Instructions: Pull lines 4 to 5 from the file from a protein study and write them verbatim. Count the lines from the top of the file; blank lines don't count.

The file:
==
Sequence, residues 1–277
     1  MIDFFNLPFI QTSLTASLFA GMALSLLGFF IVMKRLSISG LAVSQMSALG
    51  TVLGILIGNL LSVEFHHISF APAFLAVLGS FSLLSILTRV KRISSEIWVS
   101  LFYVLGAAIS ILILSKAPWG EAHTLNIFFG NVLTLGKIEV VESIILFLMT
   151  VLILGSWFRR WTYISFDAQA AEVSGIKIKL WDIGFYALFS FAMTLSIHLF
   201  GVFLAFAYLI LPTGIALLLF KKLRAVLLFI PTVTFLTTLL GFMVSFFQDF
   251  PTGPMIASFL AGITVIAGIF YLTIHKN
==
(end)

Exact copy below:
   101  LFYVLGAAIS ILILSKAPWG EAHTLNIFFG NVLTLGKIEV VESIILFLMT
   151  VLILGSWFRR WTYISFDAQA AEVSGIKIKL WDIGFYALFS FAMTLSIHLF